Have you ever been on the receiving end of an attempted scam? Unfortunately, many of us have: a confusing voicemail from an unknown number, a text from a service you don’t remember signing up for, or a suspicious email, all urging you to share your personal information or click on a link.
With scams becoming increasingly sophisticated, it’s no surprise that people of all ages are being impacted. In fact, millennials are 25 percent more likely to report losing money to fraud than those 40 or older, according to the Federal Trade Commission.
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In some of the most despicable cases, scammers will prey on your reliance on water, electricity, natural gas and other critical services by masquerading as your utility company. As the executive director of Utilities United Against Scams, a consortium of more than 140 U.S. and Canadian utilities and their respective trade associations, I am all too familiar with the risks associated with these attacks, and they can be difficult to detect. That’s why UUAS marks Utility Scam Awareness Week each year in order to share the latest information available, so that you can better protect yourself and your family, or your business, from falling victim to utility scams.
First and foremost, it’s vital to recognize the warning signs of a utility scam. If you receive any communication, either by email, text, phone or mail, claiming to be your utility company and demanding immediate payment through an unfamiliar method, do not respond.
One of the most common scare tactics for scammers is to pretend your services will be shut off without payment, and they often require that you purchase a prepaid credit card to pay off this “debt.” This is particularly common for small businesses during busy hours.
Your real utility company would never cut off your services without ample notice and would accept multiple forms of payment. If you believe you are being targeted, you should immediately contact your utility company using the phone number located on your bill or on the company’s official website.
In addition to exploiting your fear of having your power or water turned off, scammers will reach out in times of crisis such as power outages and after natural disasters. In these cases, scammers will offer to restore your power or other sources more quickly or before others in your neighborhood for immediate payment.
This is not how utilities operate during power outages, as your homes and businesses would always be reconnected free of charge. Scammers also are especially active during holidays such as Thanksgiving, when they expect people to be traveling, cooking or entertaining.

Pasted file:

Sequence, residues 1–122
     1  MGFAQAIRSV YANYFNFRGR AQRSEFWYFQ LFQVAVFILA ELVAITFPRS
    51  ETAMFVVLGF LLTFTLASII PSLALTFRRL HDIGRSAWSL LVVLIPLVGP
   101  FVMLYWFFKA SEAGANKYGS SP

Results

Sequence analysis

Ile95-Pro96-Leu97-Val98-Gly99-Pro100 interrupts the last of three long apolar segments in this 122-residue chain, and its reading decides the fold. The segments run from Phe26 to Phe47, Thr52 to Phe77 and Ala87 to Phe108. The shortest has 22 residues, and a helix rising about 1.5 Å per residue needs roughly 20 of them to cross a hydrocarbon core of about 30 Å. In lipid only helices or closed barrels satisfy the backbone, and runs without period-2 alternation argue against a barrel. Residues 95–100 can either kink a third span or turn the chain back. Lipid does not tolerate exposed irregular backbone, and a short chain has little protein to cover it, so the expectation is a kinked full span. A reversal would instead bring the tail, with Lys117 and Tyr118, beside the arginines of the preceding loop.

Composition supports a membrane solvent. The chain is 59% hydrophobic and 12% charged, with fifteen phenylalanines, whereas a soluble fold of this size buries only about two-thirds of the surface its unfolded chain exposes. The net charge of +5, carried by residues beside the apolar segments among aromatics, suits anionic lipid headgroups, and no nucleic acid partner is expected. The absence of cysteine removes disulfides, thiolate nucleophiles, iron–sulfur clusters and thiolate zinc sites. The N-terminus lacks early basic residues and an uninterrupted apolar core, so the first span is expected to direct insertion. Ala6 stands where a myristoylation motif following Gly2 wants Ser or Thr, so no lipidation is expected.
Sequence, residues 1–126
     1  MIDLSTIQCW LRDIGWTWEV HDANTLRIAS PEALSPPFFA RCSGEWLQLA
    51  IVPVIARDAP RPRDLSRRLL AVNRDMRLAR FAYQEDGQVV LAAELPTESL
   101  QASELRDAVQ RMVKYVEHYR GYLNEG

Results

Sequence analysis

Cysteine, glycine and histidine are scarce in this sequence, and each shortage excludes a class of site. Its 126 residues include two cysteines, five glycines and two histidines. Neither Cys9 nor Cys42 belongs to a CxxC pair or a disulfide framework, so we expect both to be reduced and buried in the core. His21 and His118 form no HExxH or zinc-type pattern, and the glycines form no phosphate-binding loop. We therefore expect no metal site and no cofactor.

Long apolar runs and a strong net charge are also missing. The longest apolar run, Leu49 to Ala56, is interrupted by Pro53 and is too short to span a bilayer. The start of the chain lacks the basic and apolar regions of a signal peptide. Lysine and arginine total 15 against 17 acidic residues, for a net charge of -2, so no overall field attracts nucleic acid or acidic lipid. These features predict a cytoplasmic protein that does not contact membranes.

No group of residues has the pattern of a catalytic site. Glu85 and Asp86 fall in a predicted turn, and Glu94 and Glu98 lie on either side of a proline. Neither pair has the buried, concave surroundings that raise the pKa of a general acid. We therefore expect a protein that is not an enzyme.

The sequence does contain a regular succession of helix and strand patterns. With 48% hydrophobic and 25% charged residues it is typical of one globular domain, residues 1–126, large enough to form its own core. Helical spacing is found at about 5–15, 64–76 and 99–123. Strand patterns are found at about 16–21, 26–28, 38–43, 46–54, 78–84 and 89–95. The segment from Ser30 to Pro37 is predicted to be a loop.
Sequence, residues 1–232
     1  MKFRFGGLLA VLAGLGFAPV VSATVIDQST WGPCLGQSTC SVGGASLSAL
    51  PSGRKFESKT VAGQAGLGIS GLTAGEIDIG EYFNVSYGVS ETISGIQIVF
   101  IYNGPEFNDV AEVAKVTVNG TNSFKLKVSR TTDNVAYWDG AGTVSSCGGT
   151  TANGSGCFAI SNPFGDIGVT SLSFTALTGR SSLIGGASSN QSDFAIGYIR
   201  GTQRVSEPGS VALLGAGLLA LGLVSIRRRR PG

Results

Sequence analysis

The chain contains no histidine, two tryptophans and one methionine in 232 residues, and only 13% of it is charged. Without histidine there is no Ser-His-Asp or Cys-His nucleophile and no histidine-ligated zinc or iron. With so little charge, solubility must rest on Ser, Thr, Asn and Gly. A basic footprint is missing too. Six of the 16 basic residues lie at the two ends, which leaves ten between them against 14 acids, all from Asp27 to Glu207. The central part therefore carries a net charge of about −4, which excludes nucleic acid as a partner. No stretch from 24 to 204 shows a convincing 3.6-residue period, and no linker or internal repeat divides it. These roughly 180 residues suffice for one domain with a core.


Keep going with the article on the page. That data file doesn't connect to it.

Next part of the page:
Bogus utility notifications can take many seemingly ordinary forms, as well. For example, they may claim that you have overpaid your bill or demand that you replace utility-related devices such as your meter. These scams will almost always lead to questions regarding your bank account, credit card or other personal information.
If you indeed overpay, your account would be credited, or you would be sent a check in the mail from the utility itself. If your home or business required a repair or new equipment, your utility would contact you in advance and schedule an appointment.
When it comes to avoiding phone, digital or direct mail scams, there are a few major tips to follow. Across the board, it’s helpful to protect your personal information as much as possible. According to the Federal Bureau of Investigation and the FTC, between 2010 and 2015, identify theft complaints nearly doubled.
You should also make sure to carefully read through any and all documentation you receive from your utility to make sure that you understand the material and to identify anything out of place. If you receive a suspicious email, delete it, and if you are on a call that sounds like a scam, hang up. Finally, stay up to date on new scams and the latest best practices by visiting www.utilitiesunited.org or by checking out the tips offered by many utilities and local officials.
It’s important to remember that not every scam will come in the form of a fake bill, phone call, or email. Around the country, UUAS has discovered a number of utility imposter scammers that have tried to trick customers in-person on their property. These individuals may even go so far as to wear fake uniforms, imitating your utility company and asking for access to your home or yard.
While it’s true that some situations may require that your utility enter your property, it will always be done by an appointment made well in advance. If you haven’t made an appointment, or if you’re suspicious for any reason, do not let anyone into your home and call 9-1-1 if you feel that you’re in personal danger.
Scammers can approach you in any number of ways and are evolving their tactics every day. Utility Scam Awareness Week is a great reminder to make sure your personal information is protected and to get up to speed on the latest scams and how to better protect yourself, your family and your business year-round.
Monica Martinez is the executive director of Utilities United Against Scams, a consortium of more than 140 U.S. and Canadian electric, water and natural gas utilities and their respective trade associations.
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